A party has an absolute advantage if producing a good absorbs fewer resources than another party would require to produce the good.
But what if Alaskans had absolute advantages in everything–if they could do every task faster and easier than Brazilians? You might think that Alaskans must lose if Brazilians gain from trade but, surprisingly, both sides can gain. Suppose, for example, that a lawyer whose fees run $250 an hour types twice as fast as her secretary, whose wage is $12 hourly. She still gains by hiring the secretary. Despite her absolute advantage in typing, the lawyer’s comparative advantage lies in practicing law. Similarly, many professional athletes probably have absolute advantages in lifting and carrying compared to most furniture movers. Nevertheless, few pro athletes move their furniture when traded between teams. Athletes and movers both gain by concentrating in their own areas of comparative advantage.
It is important to notice that, in these last two examples, absolute advantages do not translate into comparative advantages. Indeed, the lawyer’s absolute advantage in typing still yields a comparative disadvantage in secretarial work, and, although furniture movers have absolute disadvantages at both athletics and furniture moving, their absolute disadvantage is relatively the least in moving furniture, so this is an area of comparative advantage for them.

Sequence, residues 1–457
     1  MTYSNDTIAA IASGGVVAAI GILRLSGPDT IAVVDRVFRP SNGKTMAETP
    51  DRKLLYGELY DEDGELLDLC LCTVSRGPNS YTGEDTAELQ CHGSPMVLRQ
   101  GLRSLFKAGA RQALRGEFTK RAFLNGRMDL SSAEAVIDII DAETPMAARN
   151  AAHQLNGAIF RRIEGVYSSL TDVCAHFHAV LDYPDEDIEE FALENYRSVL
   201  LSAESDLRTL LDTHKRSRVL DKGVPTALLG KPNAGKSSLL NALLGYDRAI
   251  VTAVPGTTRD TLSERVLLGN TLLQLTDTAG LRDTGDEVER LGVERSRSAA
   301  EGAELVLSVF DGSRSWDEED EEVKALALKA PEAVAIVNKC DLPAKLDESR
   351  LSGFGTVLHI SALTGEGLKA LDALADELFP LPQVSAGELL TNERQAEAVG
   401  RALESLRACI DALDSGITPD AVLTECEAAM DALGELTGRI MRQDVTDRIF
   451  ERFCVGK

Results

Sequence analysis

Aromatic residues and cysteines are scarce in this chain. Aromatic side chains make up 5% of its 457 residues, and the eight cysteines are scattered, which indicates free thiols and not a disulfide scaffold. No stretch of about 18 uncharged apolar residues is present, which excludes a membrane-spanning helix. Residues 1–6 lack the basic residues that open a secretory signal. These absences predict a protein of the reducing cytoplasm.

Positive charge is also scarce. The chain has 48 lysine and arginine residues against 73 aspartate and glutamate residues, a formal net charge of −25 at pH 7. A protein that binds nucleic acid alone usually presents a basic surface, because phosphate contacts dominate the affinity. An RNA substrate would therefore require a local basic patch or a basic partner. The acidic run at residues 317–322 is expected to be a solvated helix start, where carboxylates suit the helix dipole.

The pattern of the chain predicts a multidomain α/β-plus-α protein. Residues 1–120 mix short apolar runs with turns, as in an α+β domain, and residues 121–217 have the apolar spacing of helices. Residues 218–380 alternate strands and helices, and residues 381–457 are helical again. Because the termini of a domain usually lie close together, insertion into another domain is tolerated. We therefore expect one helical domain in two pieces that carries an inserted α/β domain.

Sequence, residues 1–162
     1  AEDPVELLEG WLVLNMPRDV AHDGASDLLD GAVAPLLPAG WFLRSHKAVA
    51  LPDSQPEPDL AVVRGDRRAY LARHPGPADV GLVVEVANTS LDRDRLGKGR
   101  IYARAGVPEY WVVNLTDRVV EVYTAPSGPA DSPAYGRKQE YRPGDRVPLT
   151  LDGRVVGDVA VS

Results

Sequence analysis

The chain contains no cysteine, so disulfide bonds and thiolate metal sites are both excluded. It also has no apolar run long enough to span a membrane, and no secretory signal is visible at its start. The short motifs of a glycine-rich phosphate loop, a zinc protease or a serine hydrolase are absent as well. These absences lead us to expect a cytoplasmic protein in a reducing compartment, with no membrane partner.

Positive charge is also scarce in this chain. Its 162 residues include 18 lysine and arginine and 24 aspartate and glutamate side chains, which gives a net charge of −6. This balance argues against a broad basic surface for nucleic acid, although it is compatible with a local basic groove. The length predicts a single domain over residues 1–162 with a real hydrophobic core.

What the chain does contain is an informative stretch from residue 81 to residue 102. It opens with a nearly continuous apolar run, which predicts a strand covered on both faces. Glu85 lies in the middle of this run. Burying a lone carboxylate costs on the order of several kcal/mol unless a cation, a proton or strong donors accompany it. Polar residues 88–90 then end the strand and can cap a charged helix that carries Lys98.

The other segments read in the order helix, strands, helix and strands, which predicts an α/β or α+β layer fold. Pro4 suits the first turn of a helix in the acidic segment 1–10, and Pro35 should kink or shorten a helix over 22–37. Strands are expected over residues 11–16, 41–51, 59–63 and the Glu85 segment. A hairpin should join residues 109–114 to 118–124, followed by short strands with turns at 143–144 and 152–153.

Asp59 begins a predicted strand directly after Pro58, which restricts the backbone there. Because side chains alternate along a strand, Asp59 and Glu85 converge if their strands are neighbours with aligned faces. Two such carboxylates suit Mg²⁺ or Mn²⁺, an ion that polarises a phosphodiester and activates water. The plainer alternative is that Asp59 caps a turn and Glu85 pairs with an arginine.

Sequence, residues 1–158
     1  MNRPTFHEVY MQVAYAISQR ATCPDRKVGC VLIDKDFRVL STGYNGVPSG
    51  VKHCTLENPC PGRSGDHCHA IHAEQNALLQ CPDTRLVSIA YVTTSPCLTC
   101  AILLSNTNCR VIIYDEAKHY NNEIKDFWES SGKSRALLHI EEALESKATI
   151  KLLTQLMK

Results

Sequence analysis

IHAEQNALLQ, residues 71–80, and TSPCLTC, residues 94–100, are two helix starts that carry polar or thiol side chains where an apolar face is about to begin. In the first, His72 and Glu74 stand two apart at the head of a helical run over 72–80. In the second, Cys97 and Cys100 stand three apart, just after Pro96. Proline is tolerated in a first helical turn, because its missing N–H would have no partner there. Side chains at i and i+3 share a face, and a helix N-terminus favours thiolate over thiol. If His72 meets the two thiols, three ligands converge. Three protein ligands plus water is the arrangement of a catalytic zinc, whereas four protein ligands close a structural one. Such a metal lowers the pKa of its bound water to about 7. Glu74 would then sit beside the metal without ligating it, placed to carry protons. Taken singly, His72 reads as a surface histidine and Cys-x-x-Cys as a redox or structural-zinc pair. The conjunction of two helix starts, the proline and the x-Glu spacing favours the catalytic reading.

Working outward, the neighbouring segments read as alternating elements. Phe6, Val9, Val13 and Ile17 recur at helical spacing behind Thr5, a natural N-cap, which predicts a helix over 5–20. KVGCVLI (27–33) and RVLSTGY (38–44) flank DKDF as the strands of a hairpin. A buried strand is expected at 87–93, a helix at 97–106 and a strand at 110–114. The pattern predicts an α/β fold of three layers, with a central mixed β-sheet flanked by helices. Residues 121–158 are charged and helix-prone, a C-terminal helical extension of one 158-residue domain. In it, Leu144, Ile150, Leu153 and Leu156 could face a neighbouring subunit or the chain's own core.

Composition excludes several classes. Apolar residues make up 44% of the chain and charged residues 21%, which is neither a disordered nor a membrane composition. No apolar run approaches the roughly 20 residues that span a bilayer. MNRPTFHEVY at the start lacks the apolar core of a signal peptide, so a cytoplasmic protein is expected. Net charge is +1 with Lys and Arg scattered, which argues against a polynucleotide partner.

U.S. exports have recently been swamped by imports, and many industries once dominated by U.S. firms have been invaded by aggressive foreign exporters. Does this mean that we are losing all of our comparative advantages? No! Being comparatively disadvantaged in all areas is impossible because relative magnitudes determine comparative advantage. Would you like to read a Focus that identifies a few of the many areas in which U.S. producers continue to enjoy a substantial competitive edge?
Roots of Comparative Advantage
Relative resource abundance is often cited as driving comparative advantage. It seems natural for fertile soil to yield advantages in agriculture, for vast oil reserves to give the Middle East an edge in oil, and for China’s low-wage workers to yield advantages in labor-intensive goods. But why is Argentina with all its natural resources relatively poor, while Switzerland, with few natural resources, enjoys one of the world’s highest standards of living? And why is Pakistan’s economy stagnant while Singapore thrives despite greater population density and fewer natural resources?
The key to such riddles is that how resources are combined is as crucial as the mix of resources available. Comparative advantage is also molded by: (a) climate and location, (b) institutional and cultural factors, (c) government policies, (d) the skills and education of the populace, (e) the vigor of internal competition and size of domestic markets, and (f) the ability of domestic entrepreneurs to innovate and cultivate global markets.
Comparative advantage is only one of several potential sources of gains from trade. If you would like to find out more about the ways trade can be beneficial, open this link to the gains from trade.